Sean Donahoe: And you know what? We've all been there. We've all done that. And again, this is where experience and time in the trenches does come into a lot of this, because you develop that emotional fortitude go through those situations. Again, but it's the identifying of is it my trading? Or is it me? Or is it my strategy? It helps you. Again, stepping back helps you evaluate those areas, so that you could address them, fix them or work on them. That's the main thing. So there you go. Rebel Trader tip of the week. Perfect. Rock on.
Automated: If you've got questions, they've got answers. Sean and Phil dive into the virtual mailbag for this week's Rebel Trader's quickfire round.
Sean Donahoe: So the quickfire round. Rummaging in the mailbag now that we have Phil back in the saddle. Start with this one with you, which is an obvious one, but we've got it in our mailbox, and I had to kind of scratch my head, because I don't think person's ever listened to this show or hasn't really been paying attention. But do options traders really make money? I have to kind of sit back and go, "Well, that's why we're here." But
Phil Newton: I want to add to the question, because I was sent, actually a similar question earlier in the week, as well, Sean. And it was, "Can you make money buying options?" And the question came about was because the person who sent me the question had found one of those tester that basically you bought on the first day of January on Apple every month for the last 10 years, would your options have made money? That was the type of back testing software that they were playing with. That type of ... And this is the argument always for not buying options and being a premium seller is because if you're just purely buying options based on time and duration and hoping to be right on direction based on some theoretical probabilistic outcome, then sure. You're gonna lose money. Every day of the week you're gonna lose money.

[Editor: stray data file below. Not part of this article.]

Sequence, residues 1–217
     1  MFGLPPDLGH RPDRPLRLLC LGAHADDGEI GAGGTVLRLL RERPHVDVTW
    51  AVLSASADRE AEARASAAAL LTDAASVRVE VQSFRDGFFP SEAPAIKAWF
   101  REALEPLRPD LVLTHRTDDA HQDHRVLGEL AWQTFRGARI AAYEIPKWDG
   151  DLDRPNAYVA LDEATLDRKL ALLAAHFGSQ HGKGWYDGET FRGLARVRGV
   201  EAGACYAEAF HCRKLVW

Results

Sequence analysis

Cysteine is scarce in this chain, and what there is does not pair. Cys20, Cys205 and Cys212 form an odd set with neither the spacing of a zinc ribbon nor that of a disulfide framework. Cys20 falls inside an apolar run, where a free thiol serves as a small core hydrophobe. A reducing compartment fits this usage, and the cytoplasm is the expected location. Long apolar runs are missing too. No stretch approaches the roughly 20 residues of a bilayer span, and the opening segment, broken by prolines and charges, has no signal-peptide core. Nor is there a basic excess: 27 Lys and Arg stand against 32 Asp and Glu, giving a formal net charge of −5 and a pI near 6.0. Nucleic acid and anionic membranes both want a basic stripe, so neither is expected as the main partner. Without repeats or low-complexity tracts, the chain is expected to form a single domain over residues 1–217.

Sean Donahoe: Absolutely.
Phil Newton: But we're not just randomly buying options. We're trying to apply, again, a systematic approach to find That's what we're trying to do. So within the context of the trend, I'm buying the dip with a defined parameter at a particular point. And then there's other things that we look at, which not worth looking at right now.
What I'm trying to get to, believe it or not, Sean, is when you've got a process to follow that helps you find an opportunity, and then time your opportunity, it is possible that as an option buyer to make money. And to make good money, as well. Because the way that I see what I do with stock options as an alternative a less capital-intensive way of trading the stock by replacing it with options or a variety of different option strategies. So, as a buyer, yes you can. But if you're just looking purely on the first day of the month, we're gonna buy and option that's or a particular level on the markets, on the option chain. Then you're probably gonna lose money, and you lose money every day. So it's conditional. Do option traders really make money? Yes, they can.